We've all been there, at the end of a long day the clock ticks over to home-time and you start to put together your task list for tomorrow before you head off. You go to review a days work and sure enough you've cleared out your inbox, responded to all the people who have called for you...and yet you're not sure what you've actually achieved. Sometimes the hours just get away from us and before we know it, we've spent a whole day keeping on top of an email chain, logged into conference calls and responding to messages.
Staying productive at work is absolutely key to maintaining a sense of achievement and success. It's also important to support your wellbeing and give you that vital feel-good factor.
Technology encompasses every moment of our day at work, from email and instant messaging to screen-shares and conference calling. We can contact people using a number of different platforms, and in this internet age we expect (and must deliver) responses immediately. But it's too easy to get caught up in the quagmire of online admin and neglect your core duties.
Sure, when you see that email from your boss ping up in the corner of your screen it's probably best to open it and respond immediately; but not all emails need immediate action. Not all phone calls have to result in same day resolution, and it's not always best practice to drop whatever you're doing when a new request comes in.
'Email Anxiety' as it's been coined is becoming more and more prevalent. Psychologist and author of "The Best Place To Work" Ron Friedman told Business Insider that "There's no question that constantly checking email is bad for both productivity and quality of life. There have been some fascinating studies showing that limiting email-checking to a few times a day say, at 9am, 12pm, and 4pm improves wellbeing and makes work feel more controllable."
Managing your communications has become as much of a task in today's world as prioritising workloads is. And it's not the only thing that's set to throw your day off course.
Sitting behind a desk all day staring at your screen is hardly a recipe for maximum productivity. Wherever your inspiration comes from, it's fair to say that if you've been sat still all morning save for your fingers typing furiously at a keyboard, you're likely to be feeling lethargic and tired come lunchtime. After you've then had a sandwich at your desk and continued in the same vein for another 4 hours, you'll find that your mind will wander and it's harder to focus than it was when you were buzzing in the morning.
From email anxiety to being stationary for prolonged periods of time, there are so many elements of the modern office that are impacting our productivity and wellbeing. Given the pace of change, we need to adapt the way we work in order to maintain our health in the office. Here are our top 5 tips for maximising your productivity and wellbeing at work!
1) Manage your Inbox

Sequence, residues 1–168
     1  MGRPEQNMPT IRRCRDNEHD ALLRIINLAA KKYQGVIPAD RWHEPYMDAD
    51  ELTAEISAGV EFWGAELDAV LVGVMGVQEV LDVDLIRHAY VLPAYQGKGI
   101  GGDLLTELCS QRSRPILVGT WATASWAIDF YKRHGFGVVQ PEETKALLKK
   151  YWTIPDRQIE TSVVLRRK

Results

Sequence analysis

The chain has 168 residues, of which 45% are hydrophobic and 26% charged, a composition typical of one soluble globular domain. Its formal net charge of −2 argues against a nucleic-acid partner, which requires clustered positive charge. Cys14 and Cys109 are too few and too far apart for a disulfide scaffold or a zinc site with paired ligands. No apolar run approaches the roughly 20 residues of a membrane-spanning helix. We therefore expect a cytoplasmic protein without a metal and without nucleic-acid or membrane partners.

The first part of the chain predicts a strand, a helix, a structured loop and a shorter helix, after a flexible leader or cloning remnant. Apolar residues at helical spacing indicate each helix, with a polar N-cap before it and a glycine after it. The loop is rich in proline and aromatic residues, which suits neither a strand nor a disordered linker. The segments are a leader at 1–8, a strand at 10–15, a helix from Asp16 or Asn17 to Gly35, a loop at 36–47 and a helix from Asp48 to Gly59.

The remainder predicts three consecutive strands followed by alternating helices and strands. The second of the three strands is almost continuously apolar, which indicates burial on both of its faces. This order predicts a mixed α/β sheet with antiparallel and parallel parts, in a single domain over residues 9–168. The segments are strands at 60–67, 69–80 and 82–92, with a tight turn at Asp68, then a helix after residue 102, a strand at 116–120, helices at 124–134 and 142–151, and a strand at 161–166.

If you work in an office with a heavy email culture, it's easy to spend all day just keeping on top of office circulars (it's also easy to miss the important emails as they get lost in everything else!). Try setting up some auto rules, so that messages from your boss are highlighted and any bulk messages are diverted to another folder. You can read these at the end of every day, and the important emails will stay in your inbox, ready for your attention.
2) Use your lunch break wisely
A recent survey by Total Jobs revealed that a third of UK employees never leave their workplace after arriving in the morning, and more than half don't take their full lunch break. Our working days are built with breaks in to give you a much needed boost. If your job requires you sitting down a lot or staring at a screen for prolonged periods of time, it's important to get outside and give your eyes a break. Go for a walk, get some fresh air or spend some down-time with colleagues. You'll return to your desk feeling invigorated, refreshed and ready for the afternoon!
3) Get a good night's sleep
This might sound like an obvious one, but going into work tired and lagging from a night in front of Netflix isn't going to leave you in the most productive mindset. A report earlier this year suggested that the UK loses £40.4 billion and 604,000 working days a year due to sleep deprivation. In 2014 it was estimated that six in ten of us are suffering from a real lack of sleep, mainly due to smartphones.
To combat this, try and switch off all your technology an hour before you go to sleep. You need time to unwind and switch off, and your devices emit a blue light that actually keeps you awake for longer!
4) Prioritise your to-do list
Having a list of all the things you need to do is all well and good, but if the most important tasks are halfway down it, you're going to end up in a panic. Write a list of all the tasks you need to get done, and then prioritise your jobs from most important to least. Getting the most vital tasks out of the way first will mean that you avoid that stress-filled afternoon juggling several important projects. It also means that if you can't complete your list, you can delegate some smaller tasks.
5) Follow the two minute rule
Steve Olenski, an entrepreneur, uses a two minute rule to maximise small pockets of time at work. He says that if a task takes two minutes or less, you should do it immediately. Going back to this task later will take up more time, and add bumps to your workflow. It's a good principle, and it means that you're less likely to forget those small tasks that your boss asked you to do!
Got any tips youd like to share? Tweet us @BrookstreetUK